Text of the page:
The medical term for blood in your urine is hematuria. Most of the time, the cause of hematuria is not serious. However, blood in the urine should not be ignored because occasionally it can be a sign of a serious problem such as a stone or tumor. Hematuria should usually be evaluated to identify the cause of the bleeding and treat it if necessary.
Two Types of Hematuria
Gross hematuria means that the blood can be seen by the naked eye. The urine may look pinkish, brownish, or bright red.
Microscopic hematuria means that the urine is clear, but blood cells can be seen when urine is looked at under a microscope or tested in a lab.
Both gross and microscopic hematuria can have the same causes, and neither one is necessarily more serious than the other. Along with either type, you may notice other symptoms, such as pain, pressure, or burning when you urinate, abdominal pain, or back pain. Sometimes, you may not notice any other symptoms. In either case, unless you have had an evaluation recently, an evaluation needs to be done.
Finding the Cause of Hematuria
To evaluate your condition, your doctor will first confirm that blood is indeed present. Then your doctor will decide which tests will best determine the cause of your hematuria. Some common tests are listed below:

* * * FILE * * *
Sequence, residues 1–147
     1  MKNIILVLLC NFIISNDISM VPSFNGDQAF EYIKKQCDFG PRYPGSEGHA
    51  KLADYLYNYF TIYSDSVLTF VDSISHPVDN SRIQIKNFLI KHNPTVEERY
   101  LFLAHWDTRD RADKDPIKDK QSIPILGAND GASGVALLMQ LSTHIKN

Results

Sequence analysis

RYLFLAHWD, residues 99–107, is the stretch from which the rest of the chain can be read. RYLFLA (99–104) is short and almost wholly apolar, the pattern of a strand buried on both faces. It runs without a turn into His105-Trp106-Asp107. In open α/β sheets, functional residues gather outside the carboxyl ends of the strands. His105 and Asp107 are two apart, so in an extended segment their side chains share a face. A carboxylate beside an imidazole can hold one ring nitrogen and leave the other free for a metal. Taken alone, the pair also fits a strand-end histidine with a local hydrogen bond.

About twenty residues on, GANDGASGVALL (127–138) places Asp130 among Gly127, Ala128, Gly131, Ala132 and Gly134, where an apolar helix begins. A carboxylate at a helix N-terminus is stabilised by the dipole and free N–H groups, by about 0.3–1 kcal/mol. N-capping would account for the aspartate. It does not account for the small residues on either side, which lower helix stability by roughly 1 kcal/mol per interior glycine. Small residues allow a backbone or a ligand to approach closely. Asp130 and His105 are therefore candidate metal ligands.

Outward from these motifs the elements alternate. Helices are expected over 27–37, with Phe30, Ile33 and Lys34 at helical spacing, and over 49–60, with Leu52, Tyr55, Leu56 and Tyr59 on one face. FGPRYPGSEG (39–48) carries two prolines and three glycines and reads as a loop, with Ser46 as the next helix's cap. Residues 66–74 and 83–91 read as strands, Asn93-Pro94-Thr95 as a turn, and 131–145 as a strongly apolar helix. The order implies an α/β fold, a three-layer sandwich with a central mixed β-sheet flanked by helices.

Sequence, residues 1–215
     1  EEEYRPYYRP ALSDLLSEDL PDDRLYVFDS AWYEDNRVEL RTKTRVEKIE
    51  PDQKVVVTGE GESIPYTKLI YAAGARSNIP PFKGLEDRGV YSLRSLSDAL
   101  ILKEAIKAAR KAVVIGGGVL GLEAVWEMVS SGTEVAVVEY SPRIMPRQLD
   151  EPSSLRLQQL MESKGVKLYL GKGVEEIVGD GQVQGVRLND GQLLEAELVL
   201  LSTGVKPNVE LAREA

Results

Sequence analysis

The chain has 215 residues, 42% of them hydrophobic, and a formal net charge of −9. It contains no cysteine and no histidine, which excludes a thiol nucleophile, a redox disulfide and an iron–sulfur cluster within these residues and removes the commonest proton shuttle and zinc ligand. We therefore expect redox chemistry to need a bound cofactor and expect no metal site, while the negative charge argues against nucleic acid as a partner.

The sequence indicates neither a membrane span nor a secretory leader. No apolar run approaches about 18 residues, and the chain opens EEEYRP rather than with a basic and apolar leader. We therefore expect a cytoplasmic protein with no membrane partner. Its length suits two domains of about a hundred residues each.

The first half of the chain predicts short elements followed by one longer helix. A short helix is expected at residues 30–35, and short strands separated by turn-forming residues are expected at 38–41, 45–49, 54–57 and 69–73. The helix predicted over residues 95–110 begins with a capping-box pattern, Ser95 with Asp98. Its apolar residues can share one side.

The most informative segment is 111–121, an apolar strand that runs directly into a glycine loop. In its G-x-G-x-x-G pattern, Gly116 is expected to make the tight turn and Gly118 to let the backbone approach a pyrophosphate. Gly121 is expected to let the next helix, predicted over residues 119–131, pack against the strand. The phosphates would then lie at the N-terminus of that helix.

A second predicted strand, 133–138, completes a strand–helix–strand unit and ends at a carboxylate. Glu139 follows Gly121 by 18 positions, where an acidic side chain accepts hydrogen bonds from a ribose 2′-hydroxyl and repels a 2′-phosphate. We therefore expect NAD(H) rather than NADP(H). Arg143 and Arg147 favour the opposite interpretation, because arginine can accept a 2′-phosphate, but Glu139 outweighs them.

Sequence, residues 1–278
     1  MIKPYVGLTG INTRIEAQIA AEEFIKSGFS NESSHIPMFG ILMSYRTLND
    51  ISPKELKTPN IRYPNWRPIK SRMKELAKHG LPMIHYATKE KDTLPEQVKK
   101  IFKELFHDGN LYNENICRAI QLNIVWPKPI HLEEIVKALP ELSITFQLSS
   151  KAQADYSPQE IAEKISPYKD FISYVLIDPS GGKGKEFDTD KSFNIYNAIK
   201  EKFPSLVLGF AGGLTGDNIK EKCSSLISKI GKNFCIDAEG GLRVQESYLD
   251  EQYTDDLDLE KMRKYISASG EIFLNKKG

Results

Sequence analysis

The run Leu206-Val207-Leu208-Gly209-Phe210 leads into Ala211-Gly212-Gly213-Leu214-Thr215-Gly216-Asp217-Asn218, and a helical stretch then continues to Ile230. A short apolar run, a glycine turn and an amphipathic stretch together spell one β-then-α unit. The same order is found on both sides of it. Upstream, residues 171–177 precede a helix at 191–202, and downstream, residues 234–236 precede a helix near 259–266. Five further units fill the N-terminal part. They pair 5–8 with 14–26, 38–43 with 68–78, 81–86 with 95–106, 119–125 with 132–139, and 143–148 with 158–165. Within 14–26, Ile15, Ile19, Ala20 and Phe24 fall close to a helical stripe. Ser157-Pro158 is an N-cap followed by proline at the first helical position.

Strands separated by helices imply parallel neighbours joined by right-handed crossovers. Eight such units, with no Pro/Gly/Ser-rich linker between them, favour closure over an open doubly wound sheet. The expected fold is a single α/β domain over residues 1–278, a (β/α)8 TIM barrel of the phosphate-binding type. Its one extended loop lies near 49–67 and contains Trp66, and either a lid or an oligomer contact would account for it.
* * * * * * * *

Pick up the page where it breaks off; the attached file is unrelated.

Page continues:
Lab tests which may include urinalysis, urine culture, urine cytology, and other blood tests
Cystoscopy (Looking inside the bladder and urethra with a thin scope)
Other tests may include:
Computed tomography (CT or CAT) scan of the upper and lower urinary tract including the kidneys and ureters
Ultrasound of the kidneys
Once all the evaluations are complete, your doctor will discuss the findings and any treatment – if necessary. Most of the time, there are no concerning findings and you and your doctors can disregard the blood in the urine in the future.